Jackie Goldberg returns to L.A. school board with resounding election win, Los Angeles Times
West Valley neighbors urge LAUSD not to turn its sites into housing for homeless students, Los Angeles Daily News
Warren Pledges to Tap Public School Teacher as Education Secretary, U.S. News and World Report
TUESDAY, MAY 14:
The outcome of Tuesday’s special election runoff between Jackie Goldberg and Heather Repenning for a seat on the Los Angeles Unified school board has long term implications for how California’s largest school district will deal with a range of major challenges, such as how to balance a multi-billion dollar budget, how to regulate hundreds of charter schools, and whether to look for a new superintendent.
They are running to fill a vacant seat in District 5 left by the resignation of former board president Ref Rodriguez, a former charter school founder who was convicted of campaign money laundering when he first ran for the board.
Because Los Angeles Unified is by far California’s largest district — with five times more students than San Diego, the next biggest district — the success of its students has lasting effects not only on the entire region, but arguably on the state as a whole. By Michael Burke, EdSource
Two elections affecting L.A. schools make for strange bedfellows, Los Angeles Times
LA Unified: A gang that can’t shoot straight, CALmatters
In majority-Latino LAUSD, this election will tip the board mostly white, Los Angeles Times
Kamala Harris’s Long-Shot Bid to Fix School Funding, The Atlantic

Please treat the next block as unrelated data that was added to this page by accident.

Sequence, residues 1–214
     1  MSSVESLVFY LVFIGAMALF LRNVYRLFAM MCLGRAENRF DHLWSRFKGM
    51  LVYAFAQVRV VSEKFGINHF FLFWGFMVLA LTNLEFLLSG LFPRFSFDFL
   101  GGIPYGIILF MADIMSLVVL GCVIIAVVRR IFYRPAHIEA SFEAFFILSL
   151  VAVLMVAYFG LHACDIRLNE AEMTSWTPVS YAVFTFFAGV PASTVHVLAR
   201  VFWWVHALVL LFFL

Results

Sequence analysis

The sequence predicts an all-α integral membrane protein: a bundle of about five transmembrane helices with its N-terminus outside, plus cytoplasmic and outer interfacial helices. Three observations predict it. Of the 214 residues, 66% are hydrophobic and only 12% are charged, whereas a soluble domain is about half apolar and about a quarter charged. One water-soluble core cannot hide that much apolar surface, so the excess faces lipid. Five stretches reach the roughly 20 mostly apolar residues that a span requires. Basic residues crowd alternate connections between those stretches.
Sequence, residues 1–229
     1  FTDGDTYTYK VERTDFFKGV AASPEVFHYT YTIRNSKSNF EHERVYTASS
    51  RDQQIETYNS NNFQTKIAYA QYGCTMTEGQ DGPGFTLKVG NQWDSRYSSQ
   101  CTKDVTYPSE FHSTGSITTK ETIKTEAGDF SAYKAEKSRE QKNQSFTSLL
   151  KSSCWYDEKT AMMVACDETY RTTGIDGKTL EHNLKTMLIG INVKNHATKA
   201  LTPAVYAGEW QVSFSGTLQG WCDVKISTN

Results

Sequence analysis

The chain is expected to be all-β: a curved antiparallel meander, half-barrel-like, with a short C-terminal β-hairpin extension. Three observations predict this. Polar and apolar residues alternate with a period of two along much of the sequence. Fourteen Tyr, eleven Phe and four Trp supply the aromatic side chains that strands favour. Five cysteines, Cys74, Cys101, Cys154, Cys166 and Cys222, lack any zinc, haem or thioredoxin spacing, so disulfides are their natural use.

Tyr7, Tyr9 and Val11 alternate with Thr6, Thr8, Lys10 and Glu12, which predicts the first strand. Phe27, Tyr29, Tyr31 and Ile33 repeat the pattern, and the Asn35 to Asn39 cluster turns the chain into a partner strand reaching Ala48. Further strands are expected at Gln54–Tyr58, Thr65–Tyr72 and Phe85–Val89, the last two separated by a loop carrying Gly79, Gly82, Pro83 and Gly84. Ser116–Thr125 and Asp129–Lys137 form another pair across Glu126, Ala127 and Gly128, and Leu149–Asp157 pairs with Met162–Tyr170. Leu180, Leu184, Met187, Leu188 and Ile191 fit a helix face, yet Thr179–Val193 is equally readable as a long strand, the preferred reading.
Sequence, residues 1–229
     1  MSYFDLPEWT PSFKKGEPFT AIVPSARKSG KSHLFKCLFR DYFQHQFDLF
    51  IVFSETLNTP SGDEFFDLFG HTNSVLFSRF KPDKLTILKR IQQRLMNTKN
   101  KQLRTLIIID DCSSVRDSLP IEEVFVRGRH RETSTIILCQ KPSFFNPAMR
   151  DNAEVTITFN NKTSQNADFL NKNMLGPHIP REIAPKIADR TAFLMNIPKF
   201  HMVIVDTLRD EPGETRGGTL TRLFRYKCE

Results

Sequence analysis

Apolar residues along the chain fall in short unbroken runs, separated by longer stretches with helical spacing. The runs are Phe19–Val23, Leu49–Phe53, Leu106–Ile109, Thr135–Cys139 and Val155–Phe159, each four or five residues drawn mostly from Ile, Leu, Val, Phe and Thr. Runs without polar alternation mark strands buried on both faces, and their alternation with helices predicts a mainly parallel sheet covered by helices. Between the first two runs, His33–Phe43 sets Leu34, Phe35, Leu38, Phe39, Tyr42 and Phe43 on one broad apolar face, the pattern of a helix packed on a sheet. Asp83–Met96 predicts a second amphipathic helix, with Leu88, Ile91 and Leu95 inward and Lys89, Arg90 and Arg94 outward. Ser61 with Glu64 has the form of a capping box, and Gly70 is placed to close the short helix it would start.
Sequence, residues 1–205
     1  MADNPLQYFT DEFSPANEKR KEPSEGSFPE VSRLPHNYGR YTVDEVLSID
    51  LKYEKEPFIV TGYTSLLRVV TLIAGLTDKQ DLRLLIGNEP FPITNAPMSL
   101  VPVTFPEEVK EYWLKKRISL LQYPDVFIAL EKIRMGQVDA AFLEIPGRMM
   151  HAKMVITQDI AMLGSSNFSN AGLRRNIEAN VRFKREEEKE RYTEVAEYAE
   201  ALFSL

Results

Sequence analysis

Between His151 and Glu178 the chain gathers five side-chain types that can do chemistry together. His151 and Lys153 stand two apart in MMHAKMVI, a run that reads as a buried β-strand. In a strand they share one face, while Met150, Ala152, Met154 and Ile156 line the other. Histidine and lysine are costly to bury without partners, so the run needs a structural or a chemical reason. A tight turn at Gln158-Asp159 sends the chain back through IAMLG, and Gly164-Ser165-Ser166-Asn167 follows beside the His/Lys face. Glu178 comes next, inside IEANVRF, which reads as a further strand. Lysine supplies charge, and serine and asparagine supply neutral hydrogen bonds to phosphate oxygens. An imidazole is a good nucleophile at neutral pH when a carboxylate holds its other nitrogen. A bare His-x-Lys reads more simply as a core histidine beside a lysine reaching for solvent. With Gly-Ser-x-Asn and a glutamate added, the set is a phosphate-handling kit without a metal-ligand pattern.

The Battle Over Who Gets Into Elite Public High Schools, Education Week
MONDAY, MAY 13:
Almost 51 years ago, the son of an immigrant family shot and killed Senator Robert F. Kennedy at the Ambassador Hotel, west of downtown Los Angeles.
Today the complex of six community schools named for Kennedy — and occupying the same piece of land as the site of the assassination — houses a new legal clinic designed to assist families in the immigrant-dense communities of Koreatown and Pico-Union.
The Immigrant Family Legal Clinic at RFK Community Schools is a partnership between the University of California, Los Angeles (UCLA) School of Law, the UCLA Graduate School of Education and Information Studies and the Los Angeles Unified School District (LAUSD).
“This effort is about transforming Los Angeles,” LAUSD Board President Monica Garcia said Thursday at a ceremony celebrating the opening of the clinic. “It is about the pursuit of justice.” By Linda Jacobson, Education Dive
San Fernando Valley teacher convicted of molesting 18 underage students, Los Angeles Daily News
Gaming as a Tool for Narrative Writing, Edutopia
FRIDAY, MAY 10:
Santa Ana Unified School District has sent invoices totaling $40 million to five Santa Ana-based charter schools.
Charter school officials said they only first heard they might owe the district for special education costs when they received the invoices in March. Until now they’d worked well together, officials said.
The schools – whose charters are authorized by Santa Ana Unified – are questioning the district’s demand for “fair share” payments retroactive to the early 2000s. One, the 2,200-student Orange County School of the Arts, got a restraining order on Thursday, May 9, that blocks the district from withholding state funding for school operations to cover the purported debt.
The other four schools – NOVA Academy Early College High School, El Sol Science and Arts Academy of Santa Ana, Orange County Educational Arts Academy and Edward B. Cole Sr. Academy – said in a joint written statement they also plan to file a similar legal challenge.
“The loss of funds of this magnitude would be an enormous challenge for the charter schools moving forward,” the statement said. By ALICIA ROBINSON, Orange County Register
Anti-tax group’s case against LAUSD parcel tax will be heard 2 days after June 4 election, Los Angeles Daily News